by Jim Bennett (January 17, 2000)
Ford Motor Company's Visteon subsidiary gave me a special look at their ICES (Information, Communication, Entertainment, Safety)computer platform. The system is based on the Windows CE operating system and has undergone extensive modifications by Visteon to help achieve automotive quality levels. Voice recognition is at the heart of the system and limits the variety of voice commands to access and control information, navigation and in-car audio to a finite number.
According to Craig Muhlhauser, Visteon's president, "Professionals, salespeople, fleet operations and road warriors would be among the first [people] to use ICES."
Also, the Wireless Interface Modular System (WIMS) interfaces with the ICES, for enhanced vehicle operation. Ford's rear seat entertainment system, launched at the 1999 CES, is growing rapidly with DVD programming and a variety of Nintendo games help keep children happy.
By year-end, MP3 compressed audio files will be available under its newly introduced Flexible Audio System. This OEM system can hold custom-made play lists on a single CD with the equivalent playtime of ten conventional CDs.
Satellite radio receivers were displayed and would also be available on 2001 models. Digital quality programming will be available from up to 100 channels for a $10 monthly digital subscription fee from two new companies, XM Satellite Radio Inc. and Sirius Satellite Radio.
Delphi Automotive Systems, formerly a General Motors division, was demonstrating its CommuniPort line of computers and multimedia systems. Their products ranged from the straight forward communications of hands free cell phones, to more complex navigation systems (GPS) with DVD monitors for passengers and computer games for the kids.
According to company sources, business has been good. Since mid 1998, revenues have dramatically grown from around $1 million to "booked revenues" of $2.5 billion through 2005. However, reliability and lead time issues need to be resolved before new OEM vehicles will be equipped with the new technology.
The automotive aftermarket, equipment installed after the OEM manufacturing process, may provide a quicker path to adoption and near term revenue, but it also has some major challenges as well.
Microsoft and Clarion Corporation blazed a trail in 1998, with their launch of the Auto PC at CES. At Bill Gates first public Auto PC demo, based on the Microsoft Windows CE operating system, it did not work very well during that nationwide broadcast. That wasn't a good demo period for Bill. It has also stumbled in the marketplace, after much hype and some refinements.
Briefly, the Auto PC is an in dash computer that controls standard AM/FM/CD functions. The built-in voice recognition system is designed to control (with speak to and speak back capabilities) the various internal systems like radio, CD, climate control, communications and optional GPS navigation.
Based on various retail assessments and consumer interviews, I have determined that while the base Auto PC retails for below $1500, the addition of installation, GPS navigation and other questionable accessories can quickly make to cost balloon to over $5000. That's not a good performance/price ratio in my book. Finally, a customer has to take a leap of faith that the retailer can properly install, troubleshoot and maintain the system.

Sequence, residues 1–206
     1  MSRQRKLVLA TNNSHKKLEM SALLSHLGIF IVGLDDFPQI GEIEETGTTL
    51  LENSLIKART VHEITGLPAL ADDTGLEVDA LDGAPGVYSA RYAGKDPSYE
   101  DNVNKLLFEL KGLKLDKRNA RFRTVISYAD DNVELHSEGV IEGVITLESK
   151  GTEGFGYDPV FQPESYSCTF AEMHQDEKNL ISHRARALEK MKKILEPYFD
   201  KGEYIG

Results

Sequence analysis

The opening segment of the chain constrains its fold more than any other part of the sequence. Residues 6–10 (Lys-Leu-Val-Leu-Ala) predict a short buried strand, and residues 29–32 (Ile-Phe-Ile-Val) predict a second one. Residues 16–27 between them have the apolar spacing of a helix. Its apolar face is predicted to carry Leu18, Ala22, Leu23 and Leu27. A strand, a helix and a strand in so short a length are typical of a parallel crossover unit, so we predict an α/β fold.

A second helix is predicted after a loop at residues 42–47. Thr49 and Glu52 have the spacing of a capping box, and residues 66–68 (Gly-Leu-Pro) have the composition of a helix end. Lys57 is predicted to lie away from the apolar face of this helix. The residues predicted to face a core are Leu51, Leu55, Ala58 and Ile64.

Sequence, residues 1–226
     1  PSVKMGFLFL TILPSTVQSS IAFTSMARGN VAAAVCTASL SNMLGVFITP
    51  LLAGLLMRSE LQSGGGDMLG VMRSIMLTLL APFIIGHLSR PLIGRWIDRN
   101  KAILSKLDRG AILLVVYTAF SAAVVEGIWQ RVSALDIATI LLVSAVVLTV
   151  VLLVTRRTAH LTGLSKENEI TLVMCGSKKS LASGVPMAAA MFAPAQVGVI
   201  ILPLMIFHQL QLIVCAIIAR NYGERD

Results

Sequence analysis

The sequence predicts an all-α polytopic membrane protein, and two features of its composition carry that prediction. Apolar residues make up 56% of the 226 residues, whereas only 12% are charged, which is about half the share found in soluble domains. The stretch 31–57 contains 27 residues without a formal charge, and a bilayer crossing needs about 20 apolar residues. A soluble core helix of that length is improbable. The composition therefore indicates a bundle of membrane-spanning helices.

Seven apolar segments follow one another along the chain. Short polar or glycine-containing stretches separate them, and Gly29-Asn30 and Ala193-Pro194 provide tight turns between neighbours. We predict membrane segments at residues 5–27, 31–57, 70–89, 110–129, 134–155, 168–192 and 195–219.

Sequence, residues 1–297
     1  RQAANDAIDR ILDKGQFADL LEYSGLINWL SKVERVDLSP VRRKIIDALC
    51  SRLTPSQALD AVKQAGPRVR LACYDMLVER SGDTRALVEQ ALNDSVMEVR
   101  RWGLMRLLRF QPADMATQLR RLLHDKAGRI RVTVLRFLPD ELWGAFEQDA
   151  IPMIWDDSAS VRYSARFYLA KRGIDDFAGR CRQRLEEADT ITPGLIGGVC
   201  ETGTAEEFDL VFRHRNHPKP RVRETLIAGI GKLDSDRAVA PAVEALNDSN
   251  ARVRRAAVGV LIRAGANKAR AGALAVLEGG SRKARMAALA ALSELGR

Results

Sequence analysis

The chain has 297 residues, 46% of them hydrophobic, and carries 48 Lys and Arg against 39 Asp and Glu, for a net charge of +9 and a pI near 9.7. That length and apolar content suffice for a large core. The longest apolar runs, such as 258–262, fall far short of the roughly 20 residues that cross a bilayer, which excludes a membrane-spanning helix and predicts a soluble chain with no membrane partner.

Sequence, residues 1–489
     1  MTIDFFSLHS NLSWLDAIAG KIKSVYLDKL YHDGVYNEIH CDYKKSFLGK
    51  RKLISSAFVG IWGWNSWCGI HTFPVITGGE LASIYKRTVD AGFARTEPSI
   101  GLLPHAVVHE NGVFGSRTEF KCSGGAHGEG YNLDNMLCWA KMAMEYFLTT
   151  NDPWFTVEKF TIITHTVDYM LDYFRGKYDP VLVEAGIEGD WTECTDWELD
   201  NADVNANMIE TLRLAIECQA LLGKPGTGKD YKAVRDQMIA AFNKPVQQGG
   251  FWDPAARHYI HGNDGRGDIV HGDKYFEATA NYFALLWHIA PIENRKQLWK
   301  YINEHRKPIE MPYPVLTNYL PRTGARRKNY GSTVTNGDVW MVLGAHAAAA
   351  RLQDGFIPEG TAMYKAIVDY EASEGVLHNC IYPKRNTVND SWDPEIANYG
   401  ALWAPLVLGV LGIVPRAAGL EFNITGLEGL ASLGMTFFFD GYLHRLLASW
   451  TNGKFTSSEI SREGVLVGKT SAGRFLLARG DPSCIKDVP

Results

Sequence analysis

The second generation Auto PC shown at CES 2000 has a slightly larger LCD screen, a moving GPS mini-map and DVD support. It still does not address many of the Auto PC's fundamental problems. Its competitor's units are more prevalent for good reasons.
On the positive side, automotive OEMs and their partners are making efforts to develop sustainable standards for both hardware and software platforms so new features can be easily added. Sources also advise better integration needs to be achieved so electronic upgrades can be scalable in a timely basis.
CES 2000 showcased the IDB or ITS Data Bus that provides standards, common hardware, software protocols for a reliable, simplified upgrade path at reasonable cost. The IDB Forum recently completed the cellular phone and navigation standard in the IDB-C specification. We should start seeing products coming to market in late 2000 or 2001.
The IDB-C stands for control area network or CAN, which isolates the system from the vehicle's primary electronics such as engine, steering and braking systems. Safety, reliability, product liability and customer satisfaction are among the paramount issues. Unproven and crash prone systems will have to meet automotive and governmental standards before mass adoption can even start.
Motorola demonstrated their newly prototype iRadio will eventually establish connectivity between vehicles. It uses the technology of Web based data, cell phone information, standard radio broadcasts and even satellite transmissions. Further developments are expected later in the year.
Motorola's Talkabout T6100 series is just as attractive and useful today as the original many years ago. Excellent designs have staying power. The new series features 14 channels, 38 codes, stopwatch, alarm, clock and timer. It has an improved shock, dust and water resistant high impact plastic case.
In the cell phone department, Motorola's new V8160 offers limited Internet access and can send short messages to other phones. Prices range between $400 to $600.
© 2000 Jim Bennett All rights reserved.